My friends and I are mostly expats with young families who, early on, pulled our children out of school against official policy. (Schools here only closed for those 16 and over.) We eagerly waited to hear what further action our current country would take. Surely a country known for its progressive social policies would take fast, decisive action to protect its citizens?

The regulations that were put into place in Sweden amounted to restricting public gatherings to no more than 50 people (reduced from 500, which concert halls skirted by restricting entry to 499), limiting restaurants to table service only, and no visiting retirement homes. People here did take the work-from-home guidelines to heart – no one I knew was going in to work. But bars and restaurants were full. My Instagram feed was a highlight reel of acquaintances clinking champagne flutes at the city’s major clubs and restaurants.

After the first few weeks, I slowly started meeting up with friends again. I sent my kids back to school, where they intentionally spent most of the day outdoors and drop-offs were restricted to outside only (parents weren’t allowed to enter the building). I was careful to take precautions like bringing hand sanitizer to playgrounds and wiping my hands after opening and closing the gate to school. Hardly anyone wore masks to the grocery shop or inside stores – the few times I’ve seen people wearing them I’ve done a double take. One busy Friday night in late April at the local supermarket there was a line out the door and someone regulating the number of customers allowed inside at the same time. I took a photo and sent it to my family in the US saying “Sweden finally catching up with the rest of the world!” (I haven’t seen entry to that store being regulated since.)

When I spoke to Swedish friends about the strategy many agreed with the relaxed approach, mentioning that other countries’ draconian measures would be unnecessary in Sweden. A recent poll showed that just 11% of people in Sweden felt they did not trust state epidemiologist Anders Tegnell, who is leading the strategy. In this country, the onus was placed on citizens themselves to follow recommendations. It's about personal judgement and individual responsibility within a framework that rested on mutual trust, rather than top-down control. Swedes’ high level of interpersonal trust and trust in authority was often cited in the press as the characteristic enabling the relaxed Swedish strategy in tackling the virus, as opposed to social distancing becoming a matter of surveillance and policing like in Spain or Italy, where any nonessential socializing was forbidden.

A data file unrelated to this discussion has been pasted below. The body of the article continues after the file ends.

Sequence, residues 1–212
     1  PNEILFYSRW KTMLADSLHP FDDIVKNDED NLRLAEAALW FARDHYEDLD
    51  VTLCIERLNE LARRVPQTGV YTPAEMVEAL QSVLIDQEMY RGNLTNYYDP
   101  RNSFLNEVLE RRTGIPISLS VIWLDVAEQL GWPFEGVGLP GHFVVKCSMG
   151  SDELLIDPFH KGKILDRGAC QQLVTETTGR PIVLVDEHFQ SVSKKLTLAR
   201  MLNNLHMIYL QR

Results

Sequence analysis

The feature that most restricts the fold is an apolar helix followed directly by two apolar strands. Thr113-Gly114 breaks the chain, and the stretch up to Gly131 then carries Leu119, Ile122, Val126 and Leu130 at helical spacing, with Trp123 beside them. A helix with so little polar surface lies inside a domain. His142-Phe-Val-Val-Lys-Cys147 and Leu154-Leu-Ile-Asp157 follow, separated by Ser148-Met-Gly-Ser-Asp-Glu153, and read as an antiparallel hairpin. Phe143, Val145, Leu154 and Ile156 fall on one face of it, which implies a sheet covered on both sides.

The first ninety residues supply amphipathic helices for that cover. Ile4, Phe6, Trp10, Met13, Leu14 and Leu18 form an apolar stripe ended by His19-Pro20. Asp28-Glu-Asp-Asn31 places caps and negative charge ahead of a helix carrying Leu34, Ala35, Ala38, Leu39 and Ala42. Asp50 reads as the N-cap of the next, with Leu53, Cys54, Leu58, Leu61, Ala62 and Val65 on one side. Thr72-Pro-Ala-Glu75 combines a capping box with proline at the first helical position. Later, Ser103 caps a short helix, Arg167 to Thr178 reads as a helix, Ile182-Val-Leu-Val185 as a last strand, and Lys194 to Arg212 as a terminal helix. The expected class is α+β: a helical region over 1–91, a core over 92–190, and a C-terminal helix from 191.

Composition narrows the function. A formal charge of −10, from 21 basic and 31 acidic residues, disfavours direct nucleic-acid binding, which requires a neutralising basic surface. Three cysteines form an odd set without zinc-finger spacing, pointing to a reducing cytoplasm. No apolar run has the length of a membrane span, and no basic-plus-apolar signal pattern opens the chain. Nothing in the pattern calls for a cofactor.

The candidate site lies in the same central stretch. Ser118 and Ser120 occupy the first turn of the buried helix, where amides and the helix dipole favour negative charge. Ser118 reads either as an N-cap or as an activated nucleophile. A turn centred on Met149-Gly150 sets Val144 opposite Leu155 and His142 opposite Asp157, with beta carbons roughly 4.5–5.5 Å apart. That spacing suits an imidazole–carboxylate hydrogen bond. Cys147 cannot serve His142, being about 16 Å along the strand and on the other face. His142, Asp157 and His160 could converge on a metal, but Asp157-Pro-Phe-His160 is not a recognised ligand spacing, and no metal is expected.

In early May, Sweden's ambassador to the US Karin Ulrika Olofsdotter said in an interview with the Washington Post that some media outlets made it look “like everyone in Sweden is out drinking and partying,” she said. “That is not the case.” But that was certainly how it felt to me. According to research by Esteban Ortiz-Ospina and Max Roser in 2016, in countries such as Norway, Sweden and Finland, more than 60% of respondents in the World Value Survey think that people can be trusted. And in the other extreme, in countries such as Colombia, Brazil, Ecuador and Peru, less than 10% think that this is the case.